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Kazakhstan: Muzzling of Magazine Raises Press Freedom Concerns

Kazakhstan is at the center of a fresh controversy over freedom of speech, following the suspension of a hard-hitting magazine which was one of the country’s few remaining independent voices.

International press freedom watchdogs have expressed outrage over the suspension of the Adam (Person) magazine over a linguistic technicality, in a court ruling that editor-in-chief Ayan Sharipbayev says is political.

“In Kazakhstan the closure of any media outlet is a matter decided by political bodies,” Sharipbayev told EurasiaNet.org on September 2. “Of course this is connected to politics.”

He said Adam — known for its gutsy reporting and criticism of the administration of President Nursultan Nazarbayev — would appeal the three-month suspension handed down by an Almaty court on August 27.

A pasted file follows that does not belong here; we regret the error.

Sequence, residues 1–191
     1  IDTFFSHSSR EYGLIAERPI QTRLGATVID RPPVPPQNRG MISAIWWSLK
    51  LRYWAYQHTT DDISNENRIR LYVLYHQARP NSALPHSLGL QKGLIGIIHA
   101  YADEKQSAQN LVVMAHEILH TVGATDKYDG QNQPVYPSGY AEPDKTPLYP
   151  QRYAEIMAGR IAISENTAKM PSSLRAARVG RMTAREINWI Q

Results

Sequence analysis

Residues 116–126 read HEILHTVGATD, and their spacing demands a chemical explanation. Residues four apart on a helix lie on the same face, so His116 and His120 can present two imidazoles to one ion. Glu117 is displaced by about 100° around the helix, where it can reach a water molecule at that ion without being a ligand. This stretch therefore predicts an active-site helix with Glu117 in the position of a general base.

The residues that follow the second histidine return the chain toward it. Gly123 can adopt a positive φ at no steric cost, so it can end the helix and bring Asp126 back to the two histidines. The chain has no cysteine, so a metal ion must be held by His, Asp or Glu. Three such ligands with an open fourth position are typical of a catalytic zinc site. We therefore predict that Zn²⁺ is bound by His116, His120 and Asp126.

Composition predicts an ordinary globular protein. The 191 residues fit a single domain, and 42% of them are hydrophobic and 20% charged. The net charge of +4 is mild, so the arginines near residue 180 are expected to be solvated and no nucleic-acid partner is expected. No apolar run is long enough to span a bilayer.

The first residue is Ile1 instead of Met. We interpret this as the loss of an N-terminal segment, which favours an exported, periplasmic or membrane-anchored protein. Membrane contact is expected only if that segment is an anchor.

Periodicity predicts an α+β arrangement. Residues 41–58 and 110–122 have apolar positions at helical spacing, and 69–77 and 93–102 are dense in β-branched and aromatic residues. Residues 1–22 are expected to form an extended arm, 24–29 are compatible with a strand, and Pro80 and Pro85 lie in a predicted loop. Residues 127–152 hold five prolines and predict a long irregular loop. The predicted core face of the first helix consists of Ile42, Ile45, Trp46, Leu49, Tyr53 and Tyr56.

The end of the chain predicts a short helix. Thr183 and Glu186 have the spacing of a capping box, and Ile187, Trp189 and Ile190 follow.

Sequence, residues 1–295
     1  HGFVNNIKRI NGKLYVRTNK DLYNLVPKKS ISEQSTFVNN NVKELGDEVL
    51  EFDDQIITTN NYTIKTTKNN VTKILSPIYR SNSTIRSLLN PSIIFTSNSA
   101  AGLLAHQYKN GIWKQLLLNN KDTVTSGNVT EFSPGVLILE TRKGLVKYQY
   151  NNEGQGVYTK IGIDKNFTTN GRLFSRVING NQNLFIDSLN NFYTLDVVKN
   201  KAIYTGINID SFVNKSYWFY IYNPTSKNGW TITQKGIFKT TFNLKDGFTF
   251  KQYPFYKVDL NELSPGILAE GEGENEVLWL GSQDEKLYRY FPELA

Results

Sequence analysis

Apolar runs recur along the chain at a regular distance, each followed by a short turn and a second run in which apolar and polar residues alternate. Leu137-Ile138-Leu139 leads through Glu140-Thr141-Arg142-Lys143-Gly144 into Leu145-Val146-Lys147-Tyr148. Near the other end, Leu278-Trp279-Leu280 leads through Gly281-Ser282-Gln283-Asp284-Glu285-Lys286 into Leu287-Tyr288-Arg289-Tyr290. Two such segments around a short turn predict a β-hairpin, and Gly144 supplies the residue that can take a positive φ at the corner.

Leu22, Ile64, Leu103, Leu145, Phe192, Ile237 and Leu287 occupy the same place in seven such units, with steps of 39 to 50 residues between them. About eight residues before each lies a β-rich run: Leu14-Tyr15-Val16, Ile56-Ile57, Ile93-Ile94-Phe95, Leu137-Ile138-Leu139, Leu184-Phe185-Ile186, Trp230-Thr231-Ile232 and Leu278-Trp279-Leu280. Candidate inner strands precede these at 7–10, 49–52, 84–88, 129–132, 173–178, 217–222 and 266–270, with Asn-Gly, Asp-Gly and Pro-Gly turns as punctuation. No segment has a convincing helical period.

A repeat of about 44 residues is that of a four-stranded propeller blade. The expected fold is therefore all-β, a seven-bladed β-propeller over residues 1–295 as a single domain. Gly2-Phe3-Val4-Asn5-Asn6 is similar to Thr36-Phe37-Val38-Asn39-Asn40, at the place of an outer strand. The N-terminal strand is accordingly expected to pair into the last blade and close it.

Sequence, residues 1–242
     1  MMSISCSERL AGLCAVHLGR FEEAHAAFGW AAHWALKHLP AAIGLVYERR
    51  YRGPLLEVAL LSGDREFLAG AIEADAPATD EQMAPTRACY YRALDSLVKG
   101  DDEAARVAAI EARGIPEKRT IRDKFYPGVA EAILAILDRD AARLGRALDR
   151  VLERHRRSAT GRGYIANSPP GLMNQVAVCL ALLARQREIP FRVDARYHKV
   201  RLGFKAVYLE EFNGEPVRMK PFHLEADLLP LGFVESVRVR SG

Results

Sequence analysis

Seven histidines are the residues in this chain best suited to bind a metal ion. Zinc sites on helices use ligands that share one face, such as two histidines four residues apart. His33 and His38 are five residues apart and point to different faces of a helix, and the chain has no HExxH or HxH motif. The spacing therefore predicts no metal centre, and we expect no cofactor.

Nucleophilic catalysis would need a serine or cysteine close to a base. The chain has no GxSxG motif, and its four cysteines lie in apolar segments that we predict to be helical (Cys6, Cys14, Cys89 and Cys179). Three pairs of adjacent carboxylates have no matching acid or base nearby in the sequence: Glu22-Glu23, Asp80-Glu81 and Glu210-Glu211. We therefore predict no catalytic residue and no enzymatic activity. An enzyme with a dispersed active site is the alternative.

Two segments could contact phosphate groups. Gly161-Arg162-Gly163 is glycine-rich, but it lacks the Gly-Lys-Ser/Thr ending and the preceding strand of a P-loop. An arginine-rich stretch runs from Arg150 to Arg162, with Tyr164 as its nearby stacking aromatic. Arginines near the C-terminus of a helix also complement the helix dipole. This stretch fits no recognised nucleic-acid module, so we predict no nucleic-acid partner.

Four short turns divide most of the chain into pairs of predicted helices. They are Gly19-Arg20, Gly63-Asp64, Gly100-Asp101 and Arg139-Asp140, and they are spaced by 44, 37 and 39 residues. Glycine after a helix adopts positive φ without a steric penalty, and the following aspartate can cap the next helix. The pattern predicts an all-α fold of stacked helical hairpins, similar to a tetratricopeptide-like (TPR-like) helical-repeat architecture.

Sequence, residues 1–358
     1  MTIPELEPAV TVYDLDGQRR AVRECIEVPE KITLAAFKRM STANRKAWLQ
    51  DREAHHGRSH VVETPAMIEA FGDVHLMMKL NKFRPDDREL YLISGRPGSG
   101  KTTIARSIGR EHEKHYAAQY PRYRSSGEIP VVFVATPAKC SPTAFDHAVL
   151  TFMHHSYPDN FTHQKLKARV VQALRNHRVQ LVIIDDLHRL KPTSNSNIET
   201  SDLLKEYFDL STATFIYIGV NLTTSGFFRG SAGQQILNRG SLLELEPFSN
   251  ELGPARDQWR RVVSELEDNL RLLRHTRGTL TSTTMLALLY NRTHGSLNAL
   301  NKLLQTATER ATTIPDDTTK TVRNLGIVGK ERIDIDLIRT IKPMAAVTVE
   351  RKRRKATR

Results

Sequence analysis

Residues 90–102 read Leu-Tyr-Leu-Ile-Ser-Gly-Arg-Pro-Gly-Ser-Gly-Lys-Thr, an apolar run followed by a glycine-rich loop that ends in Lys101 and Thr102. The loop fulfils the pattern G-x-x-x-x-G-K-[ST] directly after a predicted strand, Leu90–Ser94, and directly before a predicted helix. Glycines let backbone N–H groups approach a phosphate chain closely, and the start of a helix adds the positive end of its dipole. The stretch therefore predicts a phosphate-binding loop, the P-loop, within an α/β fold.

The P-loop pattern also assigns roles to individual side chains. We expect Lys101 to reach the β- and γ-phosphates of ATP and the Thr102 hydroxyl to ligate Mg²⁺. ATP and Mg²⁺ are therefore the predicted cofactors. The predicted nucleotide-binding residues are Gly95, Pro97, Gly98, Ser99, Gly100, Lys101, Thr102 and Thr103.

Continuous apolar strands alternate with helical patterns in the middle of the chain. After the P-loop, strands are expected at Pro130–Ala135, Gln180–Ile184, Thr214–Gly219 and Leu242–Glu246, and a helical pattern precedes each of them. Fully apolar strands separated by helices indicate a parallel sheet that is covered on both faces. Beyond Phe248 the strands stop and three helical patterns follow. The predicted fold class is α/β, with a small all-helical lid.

When Adam registered with the authorities earlier this year (after the courts had closed a previously existing independent magazine called Adam Bol), it gave its languages of publication as Kazakh and Russian – but in fact it prints only in Russian.

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Kazakhstan: Muzzling of Magazine Raises Press Freedom Concerns

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